Take-aways from our ESOMAR Research Shark Tank

Last September at ESOMAR (the global market research association) Congress 2018 in Berlin, we (myself and Annelies Verhaeghe, Head of Research Innovation at InSites Consulting) organized a research shark tank. You may be familiar with the concept as it aired on TV across the globe (sometimes under the name ‘Dragon’s Den’), where people pitch their idea to investors (the sharks).

We used the format to fuel the discussion on four topics (using our EDGE framework – Earn, Digest, Glue, Envision), whereby the audience was asked to pitch ideas to a panel of client-side researchers (the sharks) that could then decide which idea would be worth investing in, to safeguard the future of research.

We bundled the key take-aways from this research shark tank in an ESOMAR Congress publication. Check it out online to discover the many interesting ideas we gathered on how to take marketing research forward in this fast-paced environment. One thing is clear: as an industry our key focus should lie in getting people closer to consumers. Consumer centricity is key, as in the end consumers are the driving forces and beating heart of any business (including the research industry).
ESOMAR Research Shark Tank

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The insight community toolbox: ‘do’ activities

We all know that what people say, does not always correspond with what they actually do. This phenomenon is also referred to as the ‘say-do gap’ and is especially visible in topics where people are prone to maintain a positive image by giving socially desirable responses. This often explains deviating election-poll results, or why stats are off for sensitive topics such as racism, substance use, smoking, or bankruptcies. Wanting to understand human behavior, it is thus not enough to focus on what people ‘think’ and ‘feel’; what they ‘do’ is another vital part of the research mix.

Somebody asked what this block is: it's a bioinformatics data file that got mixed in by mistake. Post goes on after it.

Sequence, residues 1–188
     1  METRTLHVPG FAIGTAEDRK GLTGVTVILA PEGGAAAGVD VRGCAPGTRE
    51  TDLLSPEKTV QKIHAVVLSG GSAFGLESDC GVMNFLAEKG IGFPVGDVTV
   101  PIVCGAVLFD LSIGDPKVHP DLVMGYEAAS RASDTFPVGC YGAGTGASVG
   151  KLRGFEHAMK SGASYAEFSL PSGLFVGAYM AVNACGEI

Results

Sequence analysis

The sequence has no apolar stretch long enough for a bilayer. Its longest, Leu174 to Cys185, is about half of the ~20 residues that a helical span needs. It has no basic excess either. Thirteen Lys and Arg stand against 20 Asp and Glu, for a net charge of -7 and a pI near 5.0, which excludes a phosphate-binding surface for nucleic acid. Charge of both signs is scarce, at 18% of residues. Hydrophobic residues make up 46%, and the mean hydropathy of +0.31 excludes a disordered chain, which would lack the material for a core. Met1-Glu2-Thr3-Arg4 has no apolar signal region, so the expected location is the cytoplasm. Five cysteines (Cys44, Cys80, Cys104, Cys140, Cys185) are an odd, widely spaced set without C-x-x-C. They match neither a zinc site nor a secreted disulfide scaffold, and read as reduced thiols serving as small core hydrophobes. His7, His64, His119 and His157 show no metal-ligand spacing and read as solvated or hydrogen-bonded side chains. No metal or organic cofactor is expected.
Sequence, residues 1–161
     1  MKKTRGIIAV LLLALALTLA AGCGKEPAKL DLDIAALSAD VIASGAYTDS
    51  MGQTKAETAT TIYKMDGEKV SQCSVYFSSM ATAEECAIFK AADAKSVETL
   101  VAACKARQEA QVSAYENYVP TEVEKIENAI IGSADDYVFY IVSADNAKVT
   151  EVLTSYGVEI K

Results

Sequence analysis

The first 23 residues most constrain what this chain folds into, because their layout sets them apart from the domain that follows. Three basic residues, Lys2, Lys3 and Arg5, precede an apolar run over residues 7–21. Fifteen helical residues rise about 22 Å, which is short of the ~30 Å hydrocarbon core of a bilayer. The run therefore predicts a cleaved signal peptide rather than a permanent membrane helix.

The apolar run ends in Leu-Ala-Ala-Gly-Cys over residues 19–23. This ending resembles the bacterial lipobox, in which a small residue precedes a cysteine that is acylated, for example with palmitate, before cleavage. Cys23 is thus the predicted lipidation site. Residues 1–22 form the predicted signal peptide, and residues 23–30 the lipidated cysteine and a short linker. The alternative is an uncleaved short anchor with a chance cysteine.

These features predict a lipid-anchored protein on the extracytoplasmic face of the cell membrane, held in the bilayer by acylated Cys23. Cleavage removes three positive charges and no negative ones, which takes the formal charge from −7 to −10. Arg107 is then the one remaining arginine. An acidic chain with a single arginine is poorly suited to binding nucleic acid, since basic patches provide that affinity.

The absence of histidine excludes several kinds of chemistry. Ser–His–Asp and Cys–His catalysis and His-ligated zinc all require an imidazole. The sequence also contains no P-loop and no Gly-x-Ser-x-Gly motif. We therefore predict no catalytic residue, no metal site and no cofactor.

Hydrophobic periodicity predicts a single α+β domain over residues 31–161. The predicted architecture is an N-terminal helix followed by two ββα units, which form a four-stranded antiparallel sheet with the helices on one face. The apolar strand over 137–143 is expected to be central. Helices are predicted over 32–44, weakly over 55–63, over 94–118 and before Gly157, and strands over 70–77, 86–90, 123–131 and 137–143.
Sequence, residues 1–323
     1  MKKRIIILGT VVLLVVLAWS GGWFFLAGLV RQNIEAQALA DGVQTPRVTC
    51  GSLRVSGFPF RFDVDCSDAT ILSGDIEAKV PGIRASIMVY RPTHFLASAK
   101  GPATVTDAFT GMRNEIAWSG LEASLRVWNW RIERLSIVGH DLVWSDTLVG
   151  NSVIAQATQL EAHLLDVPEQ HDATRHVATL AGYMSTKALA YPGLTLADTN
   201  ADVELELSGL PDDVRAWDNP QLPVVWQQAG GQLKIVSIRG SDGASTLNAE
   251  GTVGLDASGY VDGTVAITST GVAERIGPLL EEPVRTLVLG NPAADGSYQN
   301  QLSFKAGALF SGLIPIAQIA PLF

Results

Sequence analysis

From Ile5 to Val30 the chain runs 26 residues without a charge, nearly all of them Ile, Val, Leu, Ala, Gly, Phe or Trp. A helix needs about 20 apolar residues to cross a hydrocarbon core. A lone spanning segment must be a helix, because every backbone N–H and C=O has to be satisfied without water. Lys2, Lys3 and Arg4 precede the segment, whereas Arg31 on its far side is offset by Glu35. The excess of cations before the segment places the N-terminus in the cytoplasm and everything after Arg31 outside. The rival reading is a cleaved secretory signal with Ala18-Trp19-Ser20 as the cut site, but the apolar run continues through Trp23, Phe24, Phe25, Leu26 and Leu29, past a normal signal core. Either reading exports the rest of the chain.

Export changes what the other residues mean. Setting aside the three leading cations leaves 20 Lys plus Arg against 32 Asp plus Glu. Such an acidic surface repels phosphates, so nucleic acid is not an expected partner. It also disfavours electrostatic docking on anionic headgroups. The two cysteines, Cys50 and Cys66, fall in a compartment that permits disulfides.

The insight community toolbox: ‘feel’ activities

Neuroscientists have found that if the brain’s emotions network is damaged, people would lose their ability not only to laugh or cry, but also to make decisions. Likewise, when making a decision, one does not say ‘What do I think about this’, but rather ‘How do I feel about this’. Clearly, emotions are key drivers of decision making.
This strong impact of emotions on behavior also has implications for marketing research, where ‘feel’ activities should be an integral part of the research mix.

The insight community toolbox: ‘think’ activities

For a long time, the dominant belief among philosophers, scientists and economists was that humans – and their decision making – are driven predominantly by ratio, and this was no different in marketing research. While we now understand that human behavior is complex and requires a multi-dimensional approach, ‘think’ activities are still an important part of the research mix – they allow to grasp the perceptions, opinions and attitudes people can easily express.